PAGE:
L’Ortolan Festive Cocktail – A History

Posted in Cocktails on 18/11/2010
L’Ortolan Festive Cocktail – A History At the end of next week we will reinvigorating our lunch menu ready for the festive season. In this blog, Sommelier Stephen Nisbet explains how one of the key elements of the Festive Lunch was born: The L’Ortolan Festive Cocktail.

During the run up to Christmas in 2005, the then L’Ortolan Head Chef Will Holland received a huge order of figs in order to prepare them for the December menu. The figs were to be poached and served with vanilla panacotta, so during November they were lightly cooked and placed in large preserving jars filled to the brim with a poaching liquor made with red wine, port, ginger, cinnamon, oranges and lemons, cloves, demerea sugar, star anise, vanilla, black peppercorns and bay leaves.

At the end of the month, the figs were removed from the jars, ready to be prepared for portioning and service in December – and we were left with 30 litres of the most amazing tasting fluid in the jars.

Luckily I had staked a claim on the liquid in advance, otherwise I’m sure that Will would have transformed the juice into a jelly or a sorbet. Initially I’d planned to use it neat as an ingredient for a mixed drink, but it was Will who suggested that we created a ‘syrup’ to add to sparkling wine – Kir Royale style!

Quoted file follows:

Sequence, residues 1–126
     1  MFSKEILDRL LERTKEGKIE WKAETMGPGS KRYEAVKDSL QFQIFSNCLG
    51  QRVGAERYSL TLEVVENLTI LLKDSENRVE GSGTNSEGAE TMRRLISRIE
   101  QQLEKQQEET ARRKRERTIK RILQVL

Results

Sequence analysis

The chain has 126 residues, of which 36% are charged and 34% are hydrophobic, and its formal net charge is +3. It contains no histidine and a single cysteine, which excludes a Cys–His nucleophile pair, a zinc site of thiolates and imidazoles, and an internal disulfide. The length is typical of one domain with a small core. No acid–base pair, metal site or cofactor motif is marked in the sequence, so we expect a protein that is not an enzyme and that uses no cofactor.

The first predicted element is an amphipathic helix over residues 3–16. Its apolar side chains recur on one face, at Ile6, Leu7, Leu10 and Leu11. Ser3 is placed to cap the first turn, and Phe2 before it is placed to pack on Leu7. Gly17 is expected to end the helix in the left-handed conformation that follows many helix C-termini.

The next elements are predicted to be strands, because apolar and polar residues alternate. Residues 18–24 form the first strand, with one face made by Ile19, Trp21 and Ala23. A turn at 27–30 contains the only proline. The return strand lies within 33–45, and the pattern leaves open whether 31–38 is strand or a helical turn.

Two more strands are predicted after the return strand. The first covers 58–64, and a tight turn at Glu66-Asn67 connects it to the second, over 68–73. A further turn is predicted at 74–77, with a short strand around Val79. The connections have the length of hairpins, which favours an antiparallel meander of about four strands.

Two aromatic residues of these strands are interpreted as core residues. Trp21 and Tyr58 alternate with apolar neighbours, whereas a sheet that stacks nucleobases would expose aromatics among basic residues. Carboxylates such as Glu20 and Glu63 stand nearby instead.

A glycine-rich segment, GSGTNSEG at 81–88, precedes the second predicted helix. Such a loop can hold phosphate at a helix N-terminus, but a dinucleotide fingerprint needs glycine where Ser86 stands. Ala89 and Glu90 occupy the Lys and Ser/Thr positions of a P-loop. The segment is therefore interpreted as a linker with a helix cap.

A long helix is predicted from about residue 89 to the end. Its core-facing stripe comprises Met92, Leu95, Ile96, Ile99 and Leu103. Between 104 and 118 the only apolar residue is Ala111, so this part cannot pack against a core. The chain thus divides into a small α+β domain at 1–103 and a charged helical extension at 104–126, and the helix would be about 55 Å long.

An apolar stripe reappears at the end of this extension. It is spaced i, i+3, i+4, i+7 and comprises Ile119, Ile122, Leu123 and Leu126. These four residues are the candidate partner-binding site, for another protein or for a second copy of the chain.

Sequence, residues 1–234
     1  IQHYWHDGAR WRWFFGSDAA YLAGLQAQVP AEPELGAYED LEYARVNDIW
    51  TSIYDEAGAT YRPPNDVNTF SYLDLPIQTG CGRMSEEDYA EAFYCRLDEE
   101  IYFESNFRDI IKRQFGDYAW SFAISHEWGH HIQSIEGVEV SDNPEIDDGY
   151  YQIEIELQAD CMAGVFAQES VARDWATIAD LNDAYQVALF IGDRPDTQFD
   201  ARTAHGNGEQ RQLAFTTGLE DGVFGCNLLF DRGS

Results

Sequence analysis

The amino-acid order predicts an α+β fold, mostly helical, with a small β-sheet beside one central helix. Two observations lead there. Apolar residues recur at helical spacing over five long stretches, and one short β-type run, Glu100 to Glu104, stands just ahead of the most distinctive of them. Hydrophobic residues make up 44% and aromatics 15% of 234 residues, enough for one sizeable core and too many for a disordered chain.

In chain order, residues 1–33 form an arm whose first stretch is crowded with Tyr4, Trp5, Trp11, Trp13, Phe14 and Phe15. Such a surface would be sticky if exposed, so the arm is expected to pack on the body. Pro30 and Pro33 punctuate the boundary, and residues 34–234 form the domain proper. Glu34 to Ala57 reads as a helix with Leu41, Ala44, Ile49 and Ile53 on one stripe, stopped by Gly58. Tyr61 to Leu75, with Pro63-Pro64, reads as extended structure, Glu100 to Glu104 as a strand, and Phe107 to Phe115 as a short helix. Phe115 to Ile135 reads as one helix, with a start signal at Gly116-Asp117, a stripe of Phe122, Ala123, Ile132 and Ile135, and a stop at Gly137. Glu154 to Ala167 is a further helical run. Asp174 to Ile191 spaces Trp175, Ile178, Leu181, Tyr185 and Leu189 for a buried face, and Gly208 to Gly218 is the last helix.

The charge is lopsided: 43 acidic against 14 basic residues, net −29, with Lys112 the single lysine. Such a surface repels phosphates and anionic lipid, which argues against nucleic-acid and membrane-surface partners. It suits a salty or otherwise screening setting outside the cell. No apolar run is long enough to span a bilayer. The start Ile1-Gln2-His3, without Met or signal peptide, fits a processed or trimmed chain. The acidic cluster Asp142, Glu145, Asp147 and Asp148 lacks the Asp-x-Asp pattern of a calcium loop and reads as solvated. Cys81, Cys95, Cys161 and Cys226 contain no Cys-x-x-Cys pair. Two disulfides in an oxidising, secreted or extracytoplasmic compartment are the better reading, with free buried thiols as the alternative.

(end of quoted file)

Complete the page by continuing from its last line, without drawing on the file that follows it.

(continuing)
After several hours on a low heat we were left with a concentrated liquid, about a quarter of the original volume and packed with flavour.

We filled mineral water bottles, and re-labelled it "L’Ortolan Festive Cocktail” and our guests loved it and our batch sold out.

Since then, each year we create a new syrup, especially for L’Ortolan guests. In the last few years, if we’ve had any syrup left over we use it as a base for the following year’s – but the results are always amazingly different and the mixing of flavours is a real adventure.

In 2007 we tried a citrus syrup made with various orange and lemon liqueurs, last year’s was quite a spicy number as I found some fantastic ginger and mixed spice syrups that are the best quality – and this year will be more blackcurranty.